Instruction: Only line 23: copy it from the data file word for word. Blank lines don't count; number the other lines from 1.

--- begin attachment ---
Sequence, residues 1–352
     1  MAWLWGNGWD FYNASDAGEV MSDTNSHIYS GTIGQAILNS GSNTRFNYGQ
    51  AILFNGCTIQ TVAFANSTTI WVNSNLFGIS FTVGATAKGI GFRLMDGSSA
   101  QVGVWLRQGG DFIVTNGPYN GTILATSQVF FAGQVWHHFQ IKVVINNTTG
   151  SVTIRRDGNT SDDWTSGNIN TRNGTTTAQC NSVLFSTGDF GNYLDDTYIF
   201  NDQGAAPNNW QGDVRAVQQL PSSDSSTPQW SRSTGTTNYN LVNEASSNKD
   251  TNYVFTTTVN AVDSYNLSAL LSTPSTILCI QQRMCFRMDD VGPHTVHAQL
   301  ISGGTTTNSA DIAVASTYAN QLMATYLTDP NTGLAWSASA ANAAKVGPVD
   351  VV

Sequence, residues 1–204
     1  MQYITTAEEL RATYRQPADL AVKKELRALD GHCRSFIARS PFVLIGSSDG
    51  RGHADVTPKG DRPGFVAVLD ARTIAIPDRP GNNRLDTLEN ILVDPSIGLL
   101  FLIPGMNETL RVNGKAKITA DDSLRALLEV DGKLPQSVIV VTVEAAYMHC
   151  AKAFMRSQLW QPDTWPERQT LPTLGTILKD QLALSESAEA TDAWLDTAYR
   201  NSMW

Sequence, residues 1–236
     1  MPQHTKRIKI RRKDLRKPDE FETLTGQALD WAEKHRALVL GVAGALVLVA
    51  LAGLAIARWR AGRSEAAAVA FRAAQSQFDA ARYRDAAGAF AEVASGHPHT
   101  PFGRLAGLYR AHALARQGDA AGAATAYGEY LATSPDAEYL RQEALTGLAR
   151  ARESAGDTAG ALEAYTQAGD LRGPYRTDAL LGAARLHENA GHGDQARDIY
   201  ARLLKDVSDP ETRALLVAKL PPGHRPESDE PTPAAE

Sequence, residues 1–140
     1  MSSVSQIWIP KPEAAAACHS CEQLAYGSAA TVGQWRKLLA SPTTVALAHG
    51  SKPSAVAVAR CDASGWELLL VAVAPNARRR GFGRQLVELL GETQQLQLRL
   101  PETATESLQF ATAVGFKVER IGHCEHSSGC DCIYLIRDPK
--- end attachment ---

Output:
     1  MSSVSQIWIP KPEAAAACHS CEQLAYGSAA TVGQWRKLLA SPTTVALAHG